Department of Health and Human Services
Public Health Service
555 Winderley Pl #200
November 13, 1998
VIA CERTIFIED MAIL, RETURN RECEIPT REQUESTED
David E. Arjona, President
Worldtech Research Group
9140 W Bay Harbor Dr #3
Bay Harbor Island, FL 33154
Ref. No. FLA-99-09
Dear Mr Arjona:
This letter is in reference to your firm's marketing and distribution of "vitamin B-17" tablets and "Apricot Seeds". Promotional material (labeling) makes therapeutic claims which cause the products to be drugs as defined in section 201(g) of the Federal Food, Drug, and Cosmetic Act (the Act). Examples of the claims for these products include:
- flour purpose is to assist anyone in the world in obtaining the adequate amount of vitamin B-17 to treat their existing cancer";
- "…evidence that cancer is a nutritional-deficiency disease … caused by … the absence of … Vitamin B-17 … the cure and prevention of cancer is simple … This concept is not approved by orthodox medicine. Yet the evidence is clear that here, at last, is the final answer to the cancer riddle.";
- "World Without Cancer, Inc., with great satisfaction, is able to present a vegetable agent whose anti-tumor action was known empirically for many years … This anti-tumor agent is Vitamin B-17 (commonly known as Amygdalin or Laetrile).";
- "Vitamin B-17 and information about it has been banned from most of the US over 15 years ago";
- "Amygdalin — Vitamin B-17": "…the ultimate cancer treatment"; and,
- "These seeds [Apricot seeds] have the highest content of B-17 on earth … The seeds may be used in combination with the Laetrile cancer therapy".
Laetrile continues to be the subject of Import Alert No. 62-01 and continues to be considered an unapproved new drug. In addition, Laetrile is not eligible for importation under the provisions of personal importation.
These drugs are also misbranded [section 502 of the Act] because the labeling fails to bear adequate directions for use. The labeling is false and misleading as it suggests that the products are safe and effective for their intended uses when, in fact, this has not been established.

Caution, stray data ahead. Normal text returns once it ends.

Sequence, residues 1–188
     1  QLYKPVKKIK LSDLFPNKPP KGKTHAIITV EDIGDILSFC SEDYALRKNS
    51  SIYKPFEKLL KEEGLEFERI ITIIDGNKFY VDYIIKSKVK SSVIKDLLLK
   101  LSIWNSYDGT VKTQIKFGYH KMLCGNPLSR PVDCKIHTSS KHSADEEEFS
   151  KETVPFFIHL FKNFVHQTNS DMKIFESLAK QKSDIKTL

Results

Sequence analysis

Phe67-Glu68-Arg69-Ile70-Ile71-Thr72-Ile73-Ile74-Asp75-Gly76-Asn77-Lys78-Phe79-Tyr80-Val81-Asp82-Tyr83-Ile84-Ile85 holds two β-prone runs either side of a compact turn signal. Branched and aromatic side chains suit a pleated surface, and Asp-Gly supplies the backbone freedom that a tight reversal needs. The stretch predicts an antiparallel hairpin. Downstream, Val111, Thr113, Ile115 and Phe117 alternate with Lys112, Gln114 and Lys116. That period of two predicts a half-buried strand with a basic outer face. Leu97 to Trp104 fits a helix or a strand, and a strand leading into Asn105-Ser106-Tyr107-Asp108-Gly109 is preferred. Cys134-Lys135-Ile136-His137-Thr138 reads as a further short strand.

This letter is not intended to be an all inclusive review of all labeling and products your firm markets. It is your responsibility to ensure that all products marketed by your firm are in compliance with the Act and its implementing regulations.
We are also aware that you are marketing the following products with objectionable claims:
- "Amygdalin (Vitamin B-17) — injectable form": claims include "Laetrile in Mexico is administered through injection … We carry the injectable form in 3 gram ampules."
- Shark cartilage": claims include Irnot only is this a nontoxic product recommended for the treatment of cancer, but also for the treatment of inflammatory diseases such as rheumatism and osteoarthritis"
- "Preven-Ca": claims include "this product is designed to inhibit tumor growth…"
- "Kenzyme Tabs": claims include "…antineoplastic effect of pancreatic enzymes…"; and,
- "Ester-C": claims include "low levels of ascorbic acid may be associated with higher risks of cancer, heart disease, and macular degeneration…".
In addition, the "World Without Cancer" video is promoted as "perfect to give someone who has developed cancer or someone who wants to prevent cancer as it sums everything up" and the "World Without Cancer" book is promoted as "evidence that cancer is a deficiency disease." This book and video establish the intended uses for the products "Apricot Seeds", "vitamin B-17 tablets", and "Amygdalin (Vitamin B-17) — injectable form" in the treatment and prevention of cancer. The continued marketing of the products with the promotional materials and the objectionable claims may cause them to be violative drugs.
We request that you take prompt action to correct these violations. Failure to promptly correct violations may result in enforcement action being initiated by the Food and Drug Administration without further notice. The Federal Food, Drug, and Cosmetic Act provides for the seizure of illegal products and for injunction against the manufacturer and/or distributor of illegal products.
Please notify this office in writing within fifteen (15) working days of receipt of this letter as to the specific steps you have taken to correct the stated violations. You should also include an explanation of each step being taken to identify and make corrections to assure that similar violations will not recur. If corrective action cannot be completed within 15 working days, state the reason for the delay and the time within which the corrections will be implemented.
Your reply should be sent to Martin E. Katz, Compliance Officer, Florida District, Food and Drug Administration, 555 Winderley Pl #200, Maitland, FL 32751, telephone 407-475-4729.
Douglas D. Tolen
This page was posted on August 20, 2006.